I don’t want to overemphasize the hero-myth aspects of the volume, though, because Merrill sees himself not as a capital-H Hero but merely the hero-of-the-story: that is, the protagonist. Heroes properly are reborn in a complete fashion. Castor and Pollux are cast into the stars; Achilles becomes invulnerable. In “The Friend of the Fourth Decade,” Merrill too tries rebirth via postcard. His friend, “having cared and ceased to care” (l. 56), has been collecting the stamps off his old postcards by dissolving the cards in water. Incidentally, this also dissolves the ink, which “Turns to exactly the slow formal swirls / Through which a phoenix flies on Chinese silk. / These leave the water darker but still clear, / The text unreadable” (37-40). The phoenix imagery is not accidental. The friend is cutting ties, seeing scene upon scene “rinsed of the word” (45), going somewhere where he knows “Barely enough to ask for food and love” (28). Merrill tries it—the ink dissolves, “almost a wild iris taking shape” (62), and he “[hears] oblivion’s thin siren singing” (63) much like his Lorelei—but the experiment fails. His mother’s writing “remained legible, / The memories it stirred did not elude me. // I put my postcards back upon the shelf. / Certain things die only with oneself” (67-70).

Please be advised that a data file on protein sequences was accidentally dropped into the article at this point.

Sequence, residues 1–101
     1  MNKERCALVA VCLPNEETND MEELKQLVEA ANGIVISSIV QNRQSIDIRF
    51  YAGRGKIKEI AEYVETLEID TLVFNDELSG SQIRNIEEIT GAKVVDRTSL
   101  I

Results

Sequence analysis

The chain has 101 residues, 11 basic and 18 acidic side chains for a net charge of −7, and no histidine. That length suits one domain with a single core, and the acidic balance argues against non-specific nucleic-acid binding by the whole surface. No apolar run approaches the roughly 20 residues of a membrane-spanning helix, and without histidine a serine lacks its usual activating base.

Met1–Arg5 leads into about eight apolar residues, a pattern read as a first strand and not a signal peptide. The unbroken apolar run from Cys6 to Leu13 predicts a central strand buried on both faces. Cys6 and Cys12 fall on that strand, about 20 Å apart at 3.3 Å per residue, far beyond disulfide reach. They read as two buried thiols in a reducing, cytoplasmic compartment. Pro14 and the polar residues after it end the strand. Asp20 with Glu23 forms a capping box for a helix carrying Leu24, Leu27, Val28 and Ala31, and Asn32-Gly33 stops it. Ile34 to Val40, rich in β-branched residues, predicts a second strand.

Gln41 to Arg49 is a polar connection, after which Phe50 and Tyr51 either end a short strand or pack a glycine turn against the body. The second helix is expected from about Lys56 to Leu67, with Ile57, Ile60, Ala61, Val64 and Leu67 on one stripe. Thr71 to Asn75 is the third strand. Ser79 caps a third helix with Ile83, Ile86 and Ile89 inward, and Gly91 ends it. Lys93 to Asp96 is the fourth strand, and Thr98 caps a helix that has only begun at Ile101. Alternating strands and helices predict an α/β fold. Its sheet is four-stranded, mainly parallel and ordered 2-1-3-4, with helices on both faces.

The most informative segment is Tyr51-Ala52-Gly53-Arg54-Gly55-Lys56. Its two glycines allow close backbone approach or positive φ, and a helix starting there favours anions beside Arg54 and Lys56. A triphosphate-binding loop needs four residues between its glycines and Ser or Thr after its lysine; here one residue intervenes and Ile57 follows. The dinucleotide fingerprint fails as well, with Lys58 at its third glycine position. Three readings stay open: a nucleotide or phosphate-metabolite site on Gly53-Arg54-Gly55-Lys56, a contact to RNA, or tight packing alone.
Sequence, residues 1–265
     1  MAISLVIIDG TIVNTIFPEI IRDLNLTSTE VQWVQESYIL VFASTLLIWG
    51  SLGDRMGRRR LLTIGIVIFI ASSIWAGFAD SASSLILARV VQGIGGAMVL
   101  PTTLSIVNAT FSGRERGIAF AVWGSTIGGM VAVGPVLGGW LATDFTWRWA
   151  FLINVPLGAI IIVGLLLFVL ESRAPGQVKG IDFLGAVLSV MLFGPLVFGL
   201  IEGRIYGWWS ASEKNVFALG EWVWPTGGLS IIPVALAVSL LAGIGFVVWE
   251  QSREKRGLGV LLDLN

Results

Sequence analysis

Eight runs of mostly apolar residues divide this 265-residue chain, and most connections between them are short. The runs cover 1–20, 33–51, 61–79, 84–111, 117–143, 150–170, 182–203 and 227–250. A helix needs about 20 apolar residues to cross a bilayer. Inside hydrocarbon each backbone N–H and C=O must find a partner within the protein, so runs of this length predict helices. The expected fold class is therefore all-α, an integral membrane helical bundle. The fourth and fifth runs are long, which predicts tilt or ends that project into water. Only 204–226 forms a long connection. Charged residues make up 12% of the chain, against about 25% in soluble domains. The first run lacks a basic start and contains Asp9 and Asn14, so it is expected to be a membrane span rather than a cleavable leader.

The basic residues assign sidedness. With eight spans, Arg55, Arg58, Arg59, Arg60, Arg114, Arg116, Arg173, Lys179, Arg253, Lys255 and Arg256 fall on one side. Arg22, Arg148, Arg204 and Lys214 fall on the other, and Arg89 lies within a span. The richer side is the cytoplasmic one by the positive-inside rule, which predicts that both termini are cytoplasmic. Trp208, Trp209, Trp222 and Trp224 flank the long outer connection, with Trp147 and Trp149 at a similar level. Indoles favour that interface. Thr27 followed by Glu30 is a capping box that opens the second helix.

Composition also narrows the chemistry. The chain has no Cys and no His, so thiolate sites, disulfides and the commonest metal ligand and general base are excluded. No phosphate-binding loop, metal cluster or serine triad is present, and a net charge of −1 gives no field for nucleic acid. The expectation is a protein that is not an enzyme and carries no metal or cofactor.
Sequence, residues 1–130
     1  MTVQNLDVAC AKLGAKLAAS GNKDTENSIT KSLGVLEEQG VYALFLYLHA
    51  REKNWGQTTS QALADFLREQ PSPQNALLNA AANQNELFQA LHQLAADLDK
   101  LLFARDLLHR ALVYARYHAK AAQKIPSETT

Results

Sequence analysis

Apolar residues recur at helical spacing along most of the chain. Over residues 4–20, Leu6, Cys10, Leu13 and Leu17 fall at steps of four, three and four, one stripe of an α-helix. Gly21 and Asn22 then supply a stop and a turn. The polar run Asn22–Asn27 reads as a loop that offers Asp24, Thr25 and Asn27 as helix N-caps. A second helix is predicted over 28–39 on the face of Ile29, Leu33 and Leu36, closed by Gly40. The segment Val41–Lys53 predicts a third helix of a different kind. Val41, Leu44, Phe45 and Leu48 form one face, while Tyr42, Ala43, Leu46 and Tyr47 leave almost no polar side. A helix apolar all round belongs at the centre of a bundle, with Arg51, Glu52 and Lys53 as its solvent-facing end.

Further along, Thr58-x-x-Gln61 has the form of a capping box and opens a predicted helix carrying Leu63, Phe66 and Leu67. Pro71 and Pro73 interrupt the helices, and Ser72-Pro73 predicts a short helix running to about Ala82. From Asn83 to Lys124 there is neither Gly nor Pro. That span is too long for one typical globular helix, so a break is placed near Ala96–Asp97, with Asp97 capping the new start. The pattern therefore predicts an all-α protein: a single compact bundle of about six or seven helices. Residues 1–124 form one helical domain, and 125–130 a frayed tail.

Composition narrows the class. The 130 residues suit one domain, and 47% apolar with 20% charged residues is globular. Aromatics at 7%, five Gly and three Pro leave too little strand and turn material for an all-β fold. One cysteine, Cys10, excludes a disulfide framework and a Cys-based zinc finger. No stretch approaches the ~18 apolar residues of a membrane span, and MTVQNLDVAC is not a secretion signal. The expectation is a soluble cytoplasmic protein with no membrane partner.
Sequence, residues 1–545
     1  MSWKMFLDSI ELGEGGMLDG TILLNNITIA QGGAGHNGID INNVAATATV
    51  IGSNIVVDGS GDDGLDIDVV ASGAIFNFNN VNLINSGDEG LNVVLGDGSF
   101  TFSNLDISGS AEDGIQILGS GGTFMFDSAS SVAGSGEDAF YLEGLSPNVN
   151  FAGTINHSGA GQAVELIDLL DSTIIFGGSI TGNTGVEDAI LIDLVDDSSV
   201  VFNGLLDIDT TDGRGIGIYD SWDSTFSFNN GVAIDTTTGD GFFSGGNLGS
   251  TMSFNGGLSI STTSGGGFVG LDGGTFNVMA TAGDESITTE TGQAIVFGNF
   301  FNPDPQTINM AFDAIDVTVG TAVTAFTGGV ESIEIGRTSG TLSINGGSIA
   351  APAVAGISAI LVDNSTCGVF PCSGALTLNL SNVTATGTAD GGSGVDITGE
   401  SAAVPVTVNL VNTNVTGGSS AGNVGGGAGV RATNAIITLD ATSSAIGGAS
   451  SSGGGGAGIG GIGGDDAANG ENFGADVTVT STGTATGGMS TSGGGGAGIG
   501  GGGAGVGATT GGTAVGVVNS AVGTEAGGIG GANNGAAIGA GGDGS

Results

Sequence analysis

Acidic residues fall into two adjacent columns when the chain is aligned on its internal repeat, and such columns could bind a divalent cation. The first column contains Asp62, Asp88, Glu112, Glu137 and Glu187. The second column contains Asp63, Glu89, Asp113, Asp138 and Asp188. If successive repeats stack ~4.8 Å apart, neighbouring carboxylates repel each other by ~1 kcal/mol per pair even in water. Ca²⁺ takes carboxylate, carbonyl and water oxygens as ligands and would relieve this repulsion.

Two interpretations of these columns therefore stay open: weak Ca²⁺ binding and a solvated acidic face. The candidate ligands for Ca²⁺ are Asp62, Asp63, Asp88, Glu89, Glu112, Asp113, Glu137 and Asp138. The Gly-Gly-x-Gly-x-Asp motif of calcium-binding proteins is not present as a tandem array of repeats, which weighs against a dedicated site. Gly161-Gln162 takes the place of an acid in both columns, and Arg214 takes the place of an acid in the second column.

Merrill is not the traditional hero; likewise, his “myths” are not populated with the usual figures of hero quests. Or, in any case, those archetypal figures are rendered in a new light. “Words for Maria” imagines the Muses as a petty, jaded, aging woman—but one who is nonetheless a riveting figure. Maria, this strange Muse, lives in Athens but escapes to nature by gardening in an almost-undecorated house on the coast (“A whitewahsed cube with tout confort / You’d built but would not furnish” (ll. 42-43)), save for a gigantic Empire mirror. She is a part of nature, yes, but she also loves her favorite coffeeshop too much to make gardening anything more than a pastime. This Muse is not the universal Grace that inspired the ancient Greeks—in fact, Maria is divisive. The not-so-coincidentally-named Sapphó refuses flatly to see her. But for Merrill, she is “the muse / Of my off-days” (68-9). Even the tangled rhyme scheme of the poem (ABCDCBDAA) reflects this kind of upturning of classical forms—this is not straighforward beauty or elegance that we are dealing with. The poem is, however, regularly metrical. The constraints of the world have, in a sense, produced the nonchalant elegance of Maria herself, as the poem’s form reflects. By contrast, the regular rhyming couplets of “Kostas Tympakianákis” present a topsy-turvy world, one in which a young man is only just becoming jaded at the world. He says to Merrill, “I’m twenty-two. It’s someone else’s turn to dream” (14). Familial quarrels, pride, histories of violence, a dead brother and father, lost opportunities, heartbreak—Kostas has already been reduced to a sad story and a wineglass. He tells Merrill, “write my story down for people. Use my name. / And may it bring you all the wealth and fame / It hasn’t brought its bearer” (45-47). Merrill takes up the mask and presents us with a dramatic monologue, disguised as the speaker.